Hundreds of people protested Tuesday in downtown Sacramento against the construction of an oil pipeline in the Dakotas near tribal land.
Protests have been ongoing in recent weeks in various cities against the Dakota Access Pipeline. On Tuesday, about 300 people formed outside the U.S. Army Corps of Engineers office at 1325 J St.
Protesters gathered on both sides of J Street, mostly in the front of the Sacramento Convention Center. Cars honked in support of protesters holding signs such as “No DAPL.”
Linda Kenton, a midtown Sacramento resident, said she was there to fight “injustice to Indians.”
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“You can’t drink oil – keep it in the soil,” Kenton said.
Angelo Campus said he was there in environmental solidarity after Donald Trump’s election as president, which he fears will undermine efforts against climate change.
“Our first priority should be protecting the climate,” Campus said.
The Corps on Monday called for more study and input from the Standing Rock Sioux before it decides whether to allow the pipeline to cross under Lake Oahe, according to the Associated Press.
The 1,200-mile pipeline would carry North Dakota oil through South Dakota and Iowa to a shipping point in Illinois. It is largely complete except for the Standing Rock stretch, which will skirt the tribe’s reservation. The tribe says the pipeline threatens drinking water and cultural sites.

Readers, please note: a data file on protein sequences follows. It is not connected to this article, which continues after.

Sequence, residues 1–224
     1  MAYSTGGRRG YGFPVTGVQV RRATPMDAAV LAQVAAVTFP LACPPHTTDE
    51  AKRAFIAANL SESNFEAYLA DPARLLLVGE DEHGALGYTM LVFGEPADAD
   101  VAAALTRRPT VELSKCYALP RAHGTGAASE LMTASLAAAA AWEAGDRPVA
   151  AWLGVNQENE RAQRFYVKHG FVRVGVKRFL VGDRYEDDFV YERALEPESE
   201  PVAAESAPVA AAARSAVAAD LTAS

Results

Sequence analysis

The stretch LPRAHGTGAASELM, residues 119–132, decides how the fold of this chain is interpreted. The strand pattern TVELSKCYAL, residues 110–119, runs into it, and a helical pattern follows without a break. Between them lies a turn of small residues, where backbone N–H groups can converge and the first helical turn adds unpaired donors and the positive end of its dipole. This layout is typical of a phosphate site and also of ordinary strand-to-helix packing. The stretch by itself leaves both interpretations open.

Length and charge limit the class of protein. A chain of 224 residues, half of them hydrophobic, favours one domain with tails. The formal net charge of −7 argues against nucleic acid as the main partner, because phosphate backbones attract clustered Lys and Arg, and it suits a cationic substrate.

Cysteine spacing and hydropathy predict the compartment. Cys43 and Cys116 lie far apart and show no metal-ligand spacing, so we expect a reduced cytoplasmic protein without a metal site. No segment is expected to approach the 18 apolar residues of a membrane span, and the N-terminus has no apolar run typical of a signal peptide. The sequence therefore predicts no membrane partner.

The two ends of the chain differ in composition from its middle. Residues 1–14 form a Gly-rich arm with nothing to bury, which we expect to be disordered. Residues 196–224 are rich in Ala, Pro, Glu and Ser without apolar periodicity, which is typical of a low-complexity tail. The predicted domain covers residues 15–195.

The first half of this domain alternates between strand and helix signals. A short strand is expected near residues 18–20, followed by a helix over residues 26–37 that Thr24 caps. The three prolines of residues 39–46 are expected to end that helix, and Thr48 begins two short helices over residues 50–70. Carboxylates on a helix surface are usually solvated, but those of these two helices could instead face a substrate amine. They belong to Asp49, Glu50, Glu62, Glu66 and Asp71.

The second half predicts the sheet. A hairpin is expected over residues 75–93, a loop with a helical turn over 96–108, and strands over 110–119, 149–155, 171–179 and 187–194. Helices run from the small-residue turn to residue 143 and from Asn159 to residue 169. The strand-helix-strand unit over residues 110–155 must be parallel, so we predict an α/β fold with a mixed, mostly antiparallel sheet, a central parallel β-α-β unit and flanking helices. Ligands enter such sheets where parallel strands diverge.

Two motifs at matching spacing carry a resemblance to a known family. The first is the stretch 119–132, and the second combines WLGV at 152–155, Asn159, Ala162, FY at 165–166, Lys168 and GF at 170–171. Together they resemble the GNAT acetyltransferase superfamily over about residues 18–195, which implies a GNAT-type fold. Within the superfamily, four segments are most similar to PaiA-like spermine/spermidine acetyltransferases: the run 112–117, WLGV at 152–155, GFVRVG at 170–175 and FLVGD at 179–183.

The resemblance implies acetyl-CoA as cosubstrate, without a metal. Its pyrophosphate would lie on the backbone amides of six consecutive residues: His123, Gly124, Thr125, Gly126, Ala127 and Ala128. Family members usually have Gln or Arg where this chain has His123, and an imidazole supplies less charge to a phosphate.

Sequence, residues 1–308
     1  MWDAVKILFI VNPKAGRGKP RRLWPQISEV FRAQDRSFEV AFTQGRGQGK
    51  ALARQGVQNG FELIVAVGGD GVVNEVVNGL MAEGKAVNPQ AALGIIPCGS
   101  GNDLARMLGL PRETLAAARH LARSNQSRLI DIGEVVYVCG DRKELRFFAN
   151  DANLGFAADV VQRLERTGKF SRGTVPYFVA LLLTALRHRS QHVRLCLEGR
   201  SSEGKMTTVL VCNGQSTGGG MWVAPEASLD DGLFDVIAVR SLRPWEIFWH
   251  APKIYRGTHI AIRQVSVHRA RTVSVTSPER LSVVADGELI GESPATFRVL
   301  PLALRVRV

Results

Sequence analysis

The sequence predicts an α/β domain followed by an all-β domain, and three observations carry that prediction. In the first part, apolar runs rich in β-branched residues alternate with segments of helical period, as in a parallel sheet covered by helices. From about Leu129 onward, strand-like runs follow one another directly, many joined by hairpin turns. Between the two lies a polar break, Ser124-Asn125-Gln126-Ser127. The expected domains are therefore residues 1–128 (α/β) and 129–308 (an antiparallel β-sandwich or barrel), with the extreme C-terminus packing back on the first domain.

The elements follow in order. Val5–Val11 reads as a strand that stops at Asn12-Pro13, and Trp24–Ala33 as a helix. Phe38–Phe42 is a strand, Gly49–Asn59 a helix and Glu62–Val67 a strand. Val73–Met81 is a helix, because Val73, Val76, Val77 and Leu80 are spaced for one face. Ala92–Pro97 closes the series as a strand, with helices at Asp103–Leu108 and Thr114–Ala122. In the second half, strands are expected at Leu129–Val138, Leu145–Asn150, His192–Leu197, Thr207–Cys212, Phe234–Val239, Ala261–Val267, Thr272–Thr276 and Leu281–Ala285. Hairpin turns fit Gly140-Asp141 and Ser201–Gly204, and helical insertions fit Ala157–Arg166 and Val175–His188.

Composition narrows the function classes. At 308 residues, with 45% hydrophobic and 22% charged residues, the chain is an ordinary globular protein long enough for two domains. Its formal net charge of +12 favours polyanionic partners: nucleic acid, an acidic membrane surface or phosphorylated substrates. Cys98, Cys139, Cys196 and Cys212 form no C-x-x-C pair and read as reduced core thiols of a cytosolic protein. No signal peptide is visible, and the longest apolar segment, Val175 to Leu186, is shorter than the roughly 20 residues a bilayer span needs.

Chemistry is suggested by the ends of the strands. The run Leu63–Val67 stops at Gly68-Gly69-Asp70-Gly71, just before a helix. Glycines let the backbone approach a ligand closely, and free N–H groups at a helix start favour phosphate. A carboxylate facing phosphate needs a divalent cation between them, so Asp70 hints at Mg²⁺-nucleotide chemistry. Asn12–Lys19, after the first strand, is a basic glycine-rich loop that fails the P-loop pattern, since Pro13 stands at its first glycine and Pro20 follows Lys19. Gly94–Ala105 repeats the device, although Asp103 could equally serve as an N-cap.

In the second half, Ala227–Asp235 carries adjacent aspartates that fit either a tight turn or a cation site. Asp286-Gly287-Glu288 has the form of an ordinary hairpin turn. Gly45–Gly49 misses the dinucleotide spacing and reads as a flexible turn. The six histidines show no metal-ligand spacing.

The Corps in July granted Energy Transfer Partners the permits needed for the project, but it said in September that further analysis was warranted, given the tribe’s concerns. Its announcement Monday came amid speculation that federal officials were on the brink of approving the crossing. ETP last week began preparing equipment to bore under the river.
“Dakota Access has been waiting long enough to complete this pipeline,” the company’s CEO, Kelcy Warren, said Tuesday.
ETP disputes that the pipeline would endanger the tribe and Warren noted earlier that Army Assistant Secretary Jo-Ellen Darcy had informed company officials and Tribal Chairman Dave Archambault that the Corps’ previous permit decisions “comported with legal requirements.” ETP contends that the Corps has no legal justification for the delay.